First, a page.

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How has India been able to keep Polio at bay?

23 April 2013 | Analysis | By BioSpectrum Bureau

The Indian vaccine industry has played a significant role to help India maintain its zero polio record

The Indian vaccine industry has played a significant role to help India maintain its zero polio record

India, which was once considered as the world's epicenter of polio, successfully interrupted the transmission of the wild polio virus and completed one year without the presence of dreaded disease. The last reported case was that of a two-year-old girl in the state of West Bengal, India, on January 13, 2011.

India is now waiting to officially be deemed to have stopped indigenous transmission of wild poliovirus, following which the number of polio-endemic countries will be reduced to three, including Afghanistan, Nigeria and Pakistan.

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With sustained efforts from all quarters of society, across the globe, India is now close to making polio, only the third infectious disease to be eliminated completely, after small pox and rinderpest. The Indian vaccine industry has played a major role in this initiative.

As reported earlier in BioSpectrum, Panacea Biotec has been a major supplier of oral polio vaccine (OPV). Recently after staying away from the crowded space of OPV suppliers in India, Serum Institute of India (SII) finally joined the pack, by starting the production of its brand of the vaccine. While admitting that SII is a late entrant into this space, Dr Suresh Jadhav, executive director, Serum Institute of India, said that other events led them to taking this step.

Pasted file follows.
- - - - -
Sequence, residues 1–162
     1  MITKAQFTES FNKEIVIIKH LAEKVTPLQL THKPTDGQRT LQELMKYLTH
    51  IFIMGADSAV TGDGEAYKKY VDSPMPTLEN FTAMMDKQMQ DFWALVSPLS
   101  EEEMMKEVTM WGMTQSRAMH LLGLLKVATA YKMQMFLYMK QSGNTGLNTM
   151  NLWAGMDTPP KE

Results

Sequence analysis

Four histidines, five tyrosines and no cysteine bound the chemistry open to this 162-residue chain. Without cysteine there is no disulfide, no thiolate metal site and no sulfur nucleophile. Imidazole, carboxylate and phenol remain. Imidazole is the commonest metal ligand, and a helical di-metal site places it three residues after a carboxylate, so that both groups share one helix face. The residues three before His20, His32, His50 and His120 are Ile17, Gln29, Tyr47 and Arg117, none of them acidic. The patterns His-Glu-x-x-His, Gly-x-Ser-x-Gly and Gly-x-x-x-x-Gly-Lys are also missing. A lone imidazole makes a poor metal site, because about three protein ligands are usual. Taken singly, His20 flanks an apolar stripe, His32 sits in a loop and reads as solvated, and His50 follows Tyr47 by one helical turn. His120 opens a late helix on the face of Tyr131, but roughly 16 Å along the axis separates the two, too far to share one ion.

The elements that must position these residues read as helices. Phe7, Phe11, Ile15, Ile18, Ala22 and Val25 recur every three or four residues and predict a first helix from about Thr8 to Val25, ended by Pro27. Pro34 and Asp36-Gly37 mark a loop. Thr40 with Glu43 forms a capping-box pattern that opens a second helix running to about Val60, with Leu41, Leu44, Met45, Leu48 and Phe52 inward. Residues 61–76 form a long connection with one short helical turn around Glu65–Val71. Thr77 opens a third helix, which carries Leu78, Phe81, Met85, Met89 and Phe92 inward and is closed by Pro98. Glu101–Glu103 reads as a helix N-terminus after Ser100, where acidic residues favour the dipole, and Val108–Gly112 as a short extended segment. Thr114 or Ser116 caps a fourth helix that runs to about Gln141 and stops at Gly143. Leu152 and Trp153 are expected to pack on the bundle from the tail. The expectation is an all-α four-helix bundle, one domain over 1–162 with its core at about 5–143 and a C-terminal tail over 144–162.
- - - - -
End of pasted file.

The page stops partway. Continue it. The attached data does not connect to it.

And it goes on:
"Since the supply from two other Indian suppliers for the OPV had to be stopped due to some regulatory issues, the UN agencies were facing a shortage of vaccines. We were then asked by the UN agencies to address this issue, and we have now risen to fill in the shortfall," he added.

 

With no live case being reported in over two years in India, the OPV program will soon be phased out. Dr Jacob John, advisor, committee on Global Polio Eradication, WHO; virologist at CMC, Vellore; and a renowned authority on the polio eradication effort in India, explained the current scenario.

He said, "Studies have shown that continued use of OPV will give rise to cases of vaccine derived polio virus, such as those that are emerging in some areas of Afghanistan. The strategic plan for 2013-18 has already been drawn out. The general idea is that there will be a universal introduction of the IPV after 2015, along with a synchronized removal of OPV."

Currently, one of the main challenges to using injectible polio vaccine (IPV) is the cost of $2.66 per dose, as compared to $0.14 for OPV. Industry experts suggest that OPV production will not stop completely, but rather be given along with IPV in a one-out-of-three doses or one-out-of-two-dose scheme, in the beginning of the new effort. A number of manufacturers worldwide are working towards reducing the cost of a single dose of IPV to less than a dollar, so that the transition is smooth and simultaneous around the world without cost being a barrier.

The eventual introduction of IPV into the Universal Immunization Programme could also herald the popularity of hexavalent vaccines, something which a number of Indian companies including Shantha Biotechnics are working on in their pipelines. GlaxoSmithKline (GSK) recently initiated a joint venture with Hyderabad-based Biological E for a hexavalent vaccine development for the developing world. This 50-50 joint venture will be focused on early stage R&D and will utilize GSK's brand of IPV. Biological E has already been one of the largest suppliers of Diptheria Pertussis and Tetanus (DPT) vaccines to the Indian government for their immunization programmes.

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